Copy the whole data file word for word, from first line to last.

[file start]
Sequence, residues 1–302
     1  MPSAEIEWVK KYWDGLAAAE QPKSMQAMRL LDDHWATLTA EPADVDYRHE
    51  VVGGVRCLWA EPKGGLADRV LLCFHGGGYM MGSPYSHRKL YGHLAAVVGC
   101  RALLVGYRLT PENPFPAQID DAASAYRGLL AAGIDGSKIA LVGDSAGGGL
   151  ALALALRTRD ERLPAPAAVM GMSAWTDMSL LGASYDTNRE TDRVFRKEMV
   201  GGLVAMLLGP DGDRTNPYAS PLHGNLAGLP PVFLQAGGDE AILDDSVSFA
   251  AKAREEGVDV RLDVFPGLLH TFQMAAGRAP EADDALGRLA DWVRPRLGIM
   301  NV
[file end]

Sequence, residues 1–302
     1  MPSAEIEWVK KYWDGLAAAE QPKSMQAMRL LDDHWATLTA EPADVDYRHE
    51  VVGGVRCLWA EPKGGLADRV LLCFHGGGYM MGSPYSHRKL YGHLAAVVGC
   101  RALLVGYRLT PENPFPAQID DAASAYRGLL AAGIDGSKIA LVGDSAGGGL
   151  ALALALRTRD ERLPAPAAVM GMSAWTDMSL LGASYDTNRE TDRVFRKEMV
   201  GGLVAMLLGP DGDRTNPYAS PLHGNLAGLP PVFLQAGGDE AILDDSVSFA
   251  AKAREEGVDV RLDVFPGLLH TFQMAAGRAP EADDALGRLA DWVRPRLGIM
   301  NV